Want Authenticity? Design Homophobia Out of the Organization

by cv harquail on July 31, 2008

The System isn’t working at Omnicom.

omnicom_logo

Omnicom says “we are committed to ensuring that we use our position to promote socially responsible policies and practices. Yet, Omnicom’s agency, Abbott Mead Vickers BBDO (AMV/BBDO) , creates advertising that is anti-gay. Because Omnicom is not addressing the contradiction between who it says it is as an organization and how it acts, Omnicom is not being authentic.

Last week, in an effort to challenge a homophobic advertisement for Snickers candy bars , Bob Garfield’s column in Advertising Age admonished John Wren, the CEO of the Omnicom Group, by asking him to “tell his agencies how to behave.

Most of the ensuing commentary about the offensive ad and about Garfield’s column discussed whether or not the ad was homophobic and whether or not Bob Garfield was overly sensitive, and this diverted attention from discussing how to eliminate anti-gay advertising altogether. Meanwhile, some advocacy organizations, particularly the Human Rights Campaign applied direct pressure on the client (Mars) and got the advertisement taken off the air .

Problem solved– at least this time.

But what about the next time, and the time after that? And what about action that could stop anti-gay ads from being created in the first place? A week later, and after another 230 plus comments on the issue “ this time, facilitated by Chris Martin writing at The Consumerist – there is still no reflection about how to banish homophobia from the organization’s products.

The big-picture problem that created the biased ad is that the organization is acting inauthentically .

There is a gap between the organization’s claimed commitment to acting in a socially responsible way and the behavior that was socially irresponsible. By focusing on this gap between claims and actual behavior, a push for organizational authenticity could pressure the organization to change its behavior. If advocates were able to get the organization to act more authentically re: its claims, advocates could influence not only the organization’s homophobic actions, but also other actions that contradict the organization’s claim to be socially responsible.

So, let’s try a different tack on the question of eliminating homophobia. Let’s talk about designing an organization that acts authentically. …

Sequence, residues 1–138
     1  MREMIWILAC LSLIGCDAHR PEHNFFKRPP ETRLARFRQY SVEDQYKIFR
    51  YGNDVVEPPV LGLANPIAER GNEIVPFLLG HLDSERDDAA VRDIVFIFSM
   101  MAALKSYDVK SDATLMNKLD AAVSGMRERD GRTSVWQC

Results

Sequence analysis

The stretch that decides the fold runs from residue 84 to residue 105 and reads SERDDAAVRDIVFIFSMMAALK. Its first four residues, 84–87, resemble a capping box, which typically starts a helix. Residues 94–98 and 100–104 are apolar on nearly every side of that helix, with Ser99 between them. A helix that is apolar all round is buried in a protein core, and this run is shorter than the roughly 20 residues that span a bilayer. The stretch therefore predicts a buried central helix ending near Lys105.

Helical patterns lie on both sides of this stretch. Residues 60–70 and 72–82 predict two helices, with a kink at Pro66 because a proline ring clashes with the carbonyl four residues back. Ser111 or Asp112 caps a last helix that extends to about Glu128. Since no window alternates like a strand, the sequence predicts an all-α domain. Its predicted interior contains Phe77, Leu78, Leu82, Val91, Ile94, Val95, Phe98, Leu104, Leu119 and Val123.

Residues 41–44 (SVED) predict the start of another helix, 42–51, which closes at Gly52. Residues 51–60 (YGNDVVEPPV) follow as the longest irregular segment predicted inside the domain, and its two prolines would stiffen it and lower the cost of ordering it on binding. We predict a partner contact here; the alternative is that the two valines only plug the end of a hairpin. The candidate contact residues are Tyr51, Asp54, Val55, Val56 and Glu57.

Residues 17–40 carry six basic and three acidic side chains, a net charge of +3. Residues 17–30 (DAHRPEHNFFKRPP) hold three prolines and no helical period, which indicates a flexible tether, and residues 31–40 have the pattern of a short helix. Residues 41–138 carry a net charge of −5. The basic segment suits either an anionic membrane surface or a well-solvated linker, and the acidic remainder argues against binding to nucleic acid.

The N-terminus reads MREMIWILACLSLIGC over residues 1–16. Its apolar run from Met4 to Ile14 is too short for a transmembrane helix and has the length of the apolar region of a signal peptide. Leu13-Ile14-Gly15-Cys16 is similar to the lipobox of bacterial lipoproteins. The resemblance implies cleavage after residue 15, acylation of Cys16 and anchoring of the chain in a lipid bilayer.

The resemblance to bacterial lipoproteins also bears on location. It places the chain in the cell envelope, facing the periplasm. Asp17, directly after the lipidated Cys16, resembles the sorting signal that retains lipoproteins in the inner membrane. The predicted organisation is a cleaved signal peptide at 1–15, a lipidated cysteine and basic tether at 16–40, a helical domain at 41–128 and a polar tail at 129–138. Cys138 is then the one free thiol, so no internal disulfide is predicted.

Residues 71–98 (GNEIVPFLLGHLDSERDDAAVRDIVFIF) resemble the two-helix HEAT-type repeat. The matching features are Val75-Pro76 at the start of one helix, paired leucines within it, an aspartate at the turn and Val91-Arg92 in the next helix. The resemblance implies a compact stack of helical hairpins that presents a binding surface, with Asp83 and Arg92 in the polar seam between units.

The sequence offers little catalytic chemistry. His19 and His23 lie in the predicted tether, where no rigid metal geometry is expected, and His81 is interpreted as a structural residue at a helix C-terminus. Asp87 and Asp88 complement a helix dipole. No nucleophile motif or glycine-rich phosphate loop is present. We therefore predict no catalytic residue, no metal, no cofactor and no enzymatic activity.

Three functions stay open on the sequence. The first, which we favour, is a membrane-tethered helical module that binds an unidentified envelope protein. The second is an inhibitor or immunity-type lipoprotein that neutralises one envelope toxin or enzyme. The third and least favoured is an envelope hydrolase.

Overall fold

blueprint

Want Bias? Design Homophobia in .

Among the handful of absolute truths about organizations and leadership that I wanted my MBA executive students to learn, is this simple statement about an organization’s results:

Organizations are designed to get the results they get.

I have never been able to find a pithier way to state this truth. Nonetheless, I’ve always found this truth to be a useful starting place for diagnosing any kind of problem in an organization. So, let’s take this approach to considering the CEO’s role in aligning the orgnization’s products & external actions with the organization’s statement of commitments. Keep in mind that this approach works only for organizations that already claim to be against bias, because this is all about making the organization accountable for those claims .

Want to Banish Bias? Design Homophobia Out .

If an organization claims to be committed to ensuring that we use our position to promote socially responsible policies and practices and that we make positive contributions to society across all of our operations”, then it should not be creating and selling advertising that denigrates the GLBT community. But where do we go to create change, so that the organization’s ignoble actions come closer to its lofty claims?

Let’s start with a diagnosis. Many would say that the offensive ad got through the Ad Agency because:

  • – Some employees at AMV/BBDO are homophobic
  • – Some employees at AMV/BBDO are unable to recognize an anti-gay sentiment
  • – Some employees at AMV/BBDO are unable (or unwilling) to speak out against an anti-gay creative idea